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Key Drivers for Enterprise 2.0

Late last year, my colleague Subha Rama released a report on the use of Enterprise 2.0 technologies in the workplace. As part of her research, she highlighted five key drivers for use of Enterprise 2.0 tools in business organizations:* Nurturing Innovation: Most organizational structures today resist creativity. Web 2.0 technologies allow innovation to percolate across the organization in the form of new ideas and novel workarounds to nagging problems. More importantly, they make it easier to disseminate knowledge across the organization.

* Enhancing Processes: Enterprise 2.0 technology can enable better internal processes and seamless knowledge transfer, which in turn can help create a truly networked organization, linking the enterprise with suppliers, partners and customers. Better still, these interactions can be achieved at a much lower cost than with other, older technologies.

* Return on Investments (ROI) Benefits: Enterprises are seeing that interactions among customers, partners and the organization itself are delivering measurable ROI benefits due to easy access to expert knowledge, reduced travel, shorter product development cycles, and a lower cost of interactions.

* Knowledge Management and Wider Community Engagement: Organizations are deploying technologies such as wikis, blogs and podcasts to nurture collaborative practices among employees. But they re also deploying more advanced Enterprise 2.0 tools, using knowledge sharing and feedback to realize broader goals such as workforce advancement. A growing number of organizations believe that social media deployed in the enterprise is capable of enhancing knowledge sharing not only internally but also in sourcing expertise residing outside the enterprise. They are using it to nurture customer relationships, build brand equity, and leverage best practices in recruitment and employee development.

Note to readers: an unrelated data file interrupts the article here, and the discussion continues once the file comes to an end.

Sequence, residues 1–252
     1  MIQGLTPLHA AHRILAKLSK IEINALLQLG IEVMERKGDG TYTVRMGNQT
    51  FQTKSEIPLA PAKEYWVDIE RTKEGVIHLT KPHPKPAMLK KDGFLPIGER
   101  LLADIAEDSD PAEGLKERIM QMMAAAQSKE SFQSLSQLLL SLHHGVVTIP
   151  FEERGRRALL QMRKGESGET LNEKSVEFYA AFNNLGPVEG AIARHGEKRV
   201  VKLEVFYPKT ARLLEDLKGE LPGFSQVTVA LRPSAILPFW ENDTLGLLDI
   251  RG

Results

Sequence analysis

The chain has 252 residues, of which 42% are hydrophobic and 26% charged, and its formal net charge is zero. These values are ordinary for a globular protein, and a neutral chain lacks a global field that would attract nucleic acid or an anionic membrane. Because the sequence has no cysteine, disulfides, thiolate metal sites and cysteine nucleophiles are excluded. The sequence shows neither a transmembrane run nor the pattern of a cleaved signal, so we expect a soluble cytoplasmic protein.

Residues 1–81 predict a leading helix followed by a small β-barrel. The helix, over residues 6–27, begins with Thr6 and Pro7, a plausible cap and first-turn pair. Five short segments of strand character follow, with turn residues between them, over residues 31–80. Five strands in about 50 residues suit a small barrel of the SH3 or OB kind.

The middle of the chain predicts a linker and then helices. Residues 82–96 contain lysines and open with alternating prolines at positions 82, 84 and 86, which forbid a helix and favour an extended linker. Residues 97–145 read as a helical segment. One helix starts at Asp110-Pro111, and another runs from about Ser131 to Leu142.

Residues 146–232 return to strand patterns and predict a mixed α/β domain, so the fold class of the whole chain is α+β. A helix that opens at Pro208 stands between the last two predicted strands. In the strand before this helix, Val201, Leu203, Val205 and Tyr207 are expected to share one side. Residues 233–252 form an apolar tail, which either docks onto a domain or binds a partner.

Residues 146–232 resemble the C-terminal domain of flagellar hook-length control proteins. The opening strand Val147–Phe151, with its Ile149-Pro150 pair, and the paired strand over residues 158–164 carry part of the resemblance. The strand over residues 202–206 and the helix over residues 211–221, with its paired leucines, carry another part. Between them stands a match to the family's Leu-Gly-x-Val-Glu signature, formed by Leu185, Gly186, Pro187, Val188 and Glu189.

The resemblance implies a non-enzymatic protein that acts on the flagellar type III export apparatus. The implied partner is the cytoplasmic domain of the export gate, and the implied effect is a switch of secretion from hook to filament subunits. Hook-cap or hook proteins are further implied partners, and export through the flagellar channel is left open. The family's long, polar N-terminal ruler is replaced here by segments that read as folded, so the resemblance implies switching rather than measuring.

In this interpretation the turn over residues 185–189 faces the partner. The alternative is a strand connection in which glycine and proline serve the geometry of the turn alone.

* New Approaches to Familiar Challenges: Enterprise 2.0 applications are ushering in fundamental changes to the ways in which enterprises work. For example, the Chinese motorcycle industry is adopting cloud sourcing, a more effective collaborative model in which thousands of suppliers work together to design and manufacture motorcycles--rather than using traditional, tightly process-controlled manufacturing environments. This approach has helped the industry roll out new models much more quickly and more cost-effectively. Other technologies that are gaining popularity are folksonomy and user-based tagging for managing data and making it searchable (consumer examples include,, Flickr, and Technorati).

In the complete study, Subha offers a detailed analysis of use cases for Enterprise 2.0 technology, and she drills down on the relative merits of a number of leading players in the industry. Frost & Sullivan clients can download the full report at